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Contact tracing

If you have spent a lot of time close to someone with infectious TB, your local health service may get in touch with you to arrange a check up. This is to see if you have been infected with TB or show signs of TB disease. It is important because you can then start TB treatment if you need it.

Who will be checked?

You will only be asked to come in for a check up if you have spent lots of time with someone who has infectious TB, for example if you are a family member, a close friend, or more rarely, a close work colleague.

If you have not been contacted by your local health service, and are worried that you may have caught TB from a close contact, phone your local chest clinic or GP. They will arrange an appointment for you if necessary.

What happens during the check up?

The doctor or nurse will check to see if you have been infected with TB.

They might ask questions to see if you have symptoms, like:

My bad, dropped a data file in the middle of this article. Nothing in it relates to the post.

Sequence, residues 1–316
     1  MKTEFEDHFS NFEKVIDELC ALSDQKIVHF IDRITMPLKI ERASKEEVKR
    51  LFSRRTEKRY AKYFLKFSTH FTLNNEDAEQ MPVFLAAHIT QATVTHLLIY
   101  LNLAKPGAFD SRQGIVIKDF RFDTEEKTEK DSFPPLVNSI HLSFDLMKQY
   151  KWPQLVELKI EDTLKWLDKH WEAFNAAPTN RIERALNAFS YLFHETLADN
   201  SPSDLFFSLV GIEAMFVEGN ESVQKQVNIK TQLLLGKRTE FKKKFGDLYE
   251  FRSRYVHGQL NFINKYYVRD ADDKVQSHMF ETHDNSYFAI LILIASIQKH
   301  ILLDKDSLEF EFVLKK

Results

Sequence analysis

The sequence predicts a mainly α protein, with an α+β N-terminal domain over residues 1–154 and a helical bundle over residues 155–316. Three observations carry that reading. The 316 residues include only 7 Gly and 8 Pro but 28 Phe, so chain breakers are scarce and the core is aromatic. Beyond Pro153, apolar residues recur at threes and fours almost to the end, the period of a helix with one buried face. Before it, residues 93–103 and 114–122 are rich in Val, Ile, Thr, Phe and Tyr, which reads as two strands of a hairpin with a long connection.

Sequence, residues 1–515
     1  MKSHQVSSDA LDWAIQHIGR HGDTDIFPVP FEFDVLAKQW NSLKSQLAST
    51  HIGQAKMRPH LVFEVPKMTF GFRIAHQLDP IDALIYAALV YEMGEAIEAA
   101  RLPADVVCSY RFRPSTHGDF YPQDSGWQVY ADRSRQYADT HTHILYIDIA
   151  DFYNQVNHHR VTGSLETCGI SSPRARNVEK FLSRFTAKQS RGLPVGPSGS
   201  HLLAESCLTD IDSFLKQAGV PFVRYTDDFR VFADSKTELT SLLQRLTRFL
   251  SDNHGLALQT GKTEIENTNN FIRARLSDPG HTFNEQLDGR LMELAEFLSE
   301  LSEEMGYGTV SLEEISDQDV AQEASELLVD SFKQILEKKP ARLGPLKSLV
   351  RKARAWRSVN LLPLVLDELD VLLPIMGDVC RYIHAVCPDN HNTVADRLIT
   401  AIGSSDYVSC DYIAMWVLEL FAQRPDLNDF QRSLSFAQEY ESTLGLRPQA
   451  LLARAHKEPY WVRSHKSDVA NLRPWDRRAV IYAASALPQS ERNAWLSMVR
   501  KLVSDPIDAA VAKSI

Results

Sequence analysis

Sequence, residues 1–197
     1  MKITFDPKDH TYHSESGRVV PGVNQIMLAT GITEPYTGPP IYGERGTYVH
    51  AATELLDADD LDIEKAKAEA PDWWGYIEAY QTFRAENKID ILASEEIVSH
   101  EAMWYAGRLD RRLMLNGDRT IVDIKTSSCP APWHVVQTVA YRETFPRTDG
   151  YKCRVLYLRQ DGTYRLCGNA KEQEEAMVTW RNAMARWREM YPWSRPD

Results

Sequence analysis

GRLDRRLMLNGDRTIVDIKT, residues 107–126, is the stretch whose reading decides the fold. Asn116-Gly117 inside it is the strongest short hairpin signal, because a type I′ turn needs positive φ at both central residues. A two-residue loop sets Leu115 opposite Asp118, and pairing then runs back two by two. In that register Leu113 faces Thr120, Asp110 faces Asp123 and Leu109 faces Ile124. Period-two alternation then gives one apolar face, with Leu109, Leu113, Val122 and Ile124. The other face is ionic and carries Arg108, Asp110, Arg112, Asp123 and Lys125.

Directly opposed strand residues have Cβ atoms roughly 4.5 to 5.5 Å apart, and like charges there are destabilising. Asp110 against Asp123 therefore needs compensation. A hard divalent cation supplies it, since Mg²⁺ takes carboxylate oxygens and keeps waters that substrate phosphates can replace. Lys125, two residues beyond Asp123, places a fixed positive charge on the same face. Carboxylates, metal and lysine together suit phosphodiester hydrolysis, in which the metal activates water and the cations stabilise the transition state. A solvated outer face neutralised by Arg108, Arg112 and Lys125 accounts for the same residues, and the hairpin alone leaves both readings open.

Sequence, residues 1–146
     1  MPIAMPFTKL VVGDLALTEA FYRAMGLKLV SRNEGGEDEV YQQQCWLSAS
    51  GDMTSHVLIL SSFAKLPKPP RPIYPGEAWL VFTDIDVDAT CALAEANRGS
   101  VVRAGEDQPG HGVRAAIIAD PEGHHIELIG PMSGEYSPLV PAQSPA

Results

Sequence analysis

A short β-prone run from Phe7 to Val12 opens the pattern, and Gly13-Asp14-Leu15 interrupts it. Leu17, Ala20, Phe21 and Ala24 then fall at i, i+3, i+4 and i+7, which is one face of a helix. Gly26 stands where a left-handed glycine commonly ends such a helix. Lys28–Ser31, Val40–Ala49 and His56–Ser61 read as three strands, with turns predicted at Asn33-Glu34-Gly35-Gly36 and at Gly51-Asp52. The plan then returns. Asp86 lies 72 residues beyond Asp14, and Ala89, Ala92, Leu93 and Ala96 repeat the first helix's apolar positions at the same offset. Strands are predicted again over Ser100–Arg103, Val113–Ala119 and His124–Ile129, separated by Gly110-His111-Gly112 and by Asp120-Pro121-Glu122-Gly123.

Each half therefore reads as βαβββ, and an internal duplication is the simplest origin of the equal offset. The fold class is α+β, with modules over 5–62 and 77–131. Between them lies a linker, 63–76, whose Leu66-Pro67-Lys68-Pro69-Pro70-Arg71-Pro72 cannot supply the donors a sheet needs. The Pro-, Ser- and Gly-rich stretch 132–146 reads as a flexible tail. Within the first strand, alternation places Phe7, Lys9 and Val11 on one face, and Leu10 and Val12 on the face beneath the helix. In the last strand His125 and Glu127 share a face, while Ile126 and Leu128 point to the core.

• Have you had a cough that won’t go away?
  • Have you had a fever or night sweats?
  • Have you lost weight without trying?
  • Do you feel tired all the time?

You may be offered one or more tests such as:

  • a skin test called a Mantoux Test, this may have to be repeated in 6-8 weeks
  • a blood test
  • a chest X-ray.

The results of these tests will help determine the advice or treatment which is best for you.

Don’t be surprised if different members of your family are not treated in exactly the same way.

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